The price of oil is jumping for a third consecutive day on Monday after some reassurance for the markets that oil’s biggest players are working to try and stabilise the world’s most important commodity.
Both major oil benchmarks are up by just less than 1% at around 10:10 a.m. BST (5:10 a.m. ET) on Monday, with Brent crude, the international benchmark higher by 0.94% to $47.41 per barrel. US West Texas Intermediate crude is up by the same margin to trade at $44.91.
The rise is largely down to comments from Russian oil minister Alexander Novak — often cited as the most important man in the oil industry — that Russia and Saudi Arabia are working together to create “market stability.”
Novak was quoted by Reuters as having given an interview with Saudi newspaper Asharq al-Awsat, in which he said (emphasis ours):
“With regard to the cooperation with Saudi Arabia, the dialogue between our two countries is developing in a tangible way, whether in the framework of a multi-party structure or on a bilateral level.
“We are cooperating in the framework of consultations regarding the oil market with OPEC countries and producers from outside the organisation, and are determined to continue dialogue to achieve market stability,” he added.
“We are ready to achieve the widest possible level of coordination… and put in place joint measures to achieve oil market stability, with the condition that these measures will not be for a limited period of time.”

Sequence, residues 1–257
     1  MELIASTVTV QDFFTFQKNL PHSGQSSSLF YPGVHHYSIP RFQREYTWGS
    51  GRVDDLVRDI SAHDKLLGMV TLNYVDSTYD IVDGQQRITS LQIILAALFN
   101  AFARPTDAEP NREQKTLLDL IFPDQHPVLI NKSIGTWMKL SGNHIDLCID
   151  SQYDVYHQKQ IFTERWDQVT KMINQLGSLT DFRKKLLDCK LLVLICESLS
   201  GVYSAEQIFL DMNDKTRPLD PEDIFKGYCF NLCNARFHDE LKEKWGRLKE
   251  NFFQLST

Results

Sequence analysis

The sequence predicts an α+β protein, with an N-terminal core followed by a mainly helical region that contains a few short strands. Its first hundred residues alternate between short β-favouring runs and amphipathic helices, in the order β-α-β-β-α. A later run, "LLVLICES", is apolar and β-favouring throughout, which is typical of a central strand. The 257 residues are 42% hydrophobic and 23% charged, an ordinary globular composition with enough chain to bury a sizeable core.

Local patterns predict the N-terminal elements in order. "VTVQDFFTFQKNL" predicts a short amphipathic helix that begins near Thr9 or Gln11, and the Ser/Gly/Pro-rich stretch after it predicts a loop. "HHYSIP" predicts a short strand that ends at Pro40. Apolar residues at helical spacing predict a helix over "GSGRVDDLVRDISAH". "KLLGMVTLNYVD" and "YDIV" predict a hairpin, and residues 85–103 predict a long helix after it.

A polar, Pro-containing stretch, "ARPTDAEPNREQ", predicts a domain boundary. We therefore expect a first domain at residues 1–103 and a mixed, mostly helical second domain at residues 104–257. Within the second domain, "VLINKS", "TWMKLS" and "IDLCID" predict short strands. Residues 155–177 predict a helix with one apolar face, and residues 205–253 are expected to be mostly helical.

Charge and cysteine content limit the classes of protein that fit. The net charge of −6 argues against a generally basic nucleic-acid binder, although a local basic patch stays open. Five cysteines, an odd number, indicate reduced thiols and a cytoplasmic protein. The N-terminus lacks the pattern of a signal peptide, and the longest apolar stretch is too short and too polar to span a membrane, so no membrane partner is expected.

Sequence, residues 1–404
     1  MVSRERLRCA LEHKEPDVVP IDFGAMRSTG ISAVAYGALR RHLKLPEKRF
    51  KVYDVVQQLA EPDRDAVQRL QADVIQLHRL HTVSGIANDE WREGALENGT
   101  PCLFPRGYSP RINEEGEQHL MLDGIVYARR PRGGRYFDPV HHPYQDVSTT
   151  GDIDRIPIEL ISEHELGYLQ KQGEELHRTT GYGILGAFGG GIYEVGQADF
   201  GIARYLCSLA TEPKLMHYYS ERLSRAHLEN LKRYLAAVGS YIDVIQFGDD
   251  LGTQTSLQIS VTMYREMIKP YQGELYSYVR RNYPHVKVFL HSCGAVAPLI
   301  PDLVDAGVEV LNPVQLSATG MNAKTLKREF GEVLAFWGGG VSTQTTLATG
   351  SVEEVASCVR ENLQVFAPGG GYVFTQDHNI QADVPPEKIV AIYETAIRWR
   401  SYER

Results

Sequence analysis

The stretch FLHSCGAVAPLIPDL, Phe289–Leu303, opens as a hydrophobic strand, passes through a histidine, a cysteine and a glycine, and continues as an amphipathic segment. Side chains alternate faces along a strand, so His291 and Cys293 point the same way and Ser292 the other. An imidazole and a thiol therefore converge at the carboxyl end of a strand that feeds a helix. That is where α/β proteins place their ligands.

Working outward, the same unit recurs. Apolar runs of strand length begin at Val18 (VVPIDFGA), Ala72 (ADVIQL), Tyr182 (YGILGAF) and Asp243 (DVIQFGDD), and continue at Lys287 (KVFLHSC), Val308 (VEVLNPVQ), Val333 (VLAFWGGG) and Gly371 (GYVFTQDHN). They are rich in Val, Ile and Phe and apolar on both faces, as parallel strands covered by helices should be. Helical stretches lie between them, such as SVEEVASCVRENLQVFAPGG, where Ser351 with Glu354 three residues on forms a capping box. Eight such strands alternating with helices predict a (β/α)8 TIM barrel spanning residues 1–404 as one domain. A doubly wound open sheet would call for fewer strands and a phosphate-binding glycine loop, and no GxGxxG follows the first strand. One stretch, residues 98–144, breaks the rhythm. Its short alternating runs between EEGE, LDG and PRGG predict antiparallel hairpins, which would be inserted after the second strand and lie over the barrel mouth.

Russia and Saudi are probably the two most important oil producers on the planet, with Saudi Arabia the de-facto leader of OPEC, and Russia the biggest non-OPEC producer. What the two nations do with regards to oil policy has profound impacts on the markets. For example, at April’s massively anticipated OPEC meeting about a freeze in production, Saudi refused to co-operate unless Iran joined in any production freeze, and, as a result the meeting ended up as a damp squib.
With both nations starting to work together to, hopes for a solution to the massive glut in the oil industry are rising. That glut has sent prices tumbling in recent weeks, with the commodity back into a bear market, down 20% from its recent high in June. Here is how that looks:
Novak’s comments come just three days after a report from the highly respected International Energy Agency argued that the supply and demand imbalance plaguing oil is only going to get worse in 2017, something that will further depress prices.
Global demand for oil will slow at a greater rate than first thought in 2017, according to the latest oil-market update from the IEA, intensifying the oil industry’s supply-and-demand imbalance.
The IEA’s August update on the state of the oil markets said global demand in 2017 would slow to 1.2 million barrels a day from the 1.3 million previously expected. The prognosis is a result of what the agency calls a “dimmer macroeconomic outlook.”
It should be noted that along with Novak’s comments, oil markets are also likely still reacting to the news that the Baker Hughes rig count, which shows how many active oil rigs there are in the USA, increased for a 7th consecutive week.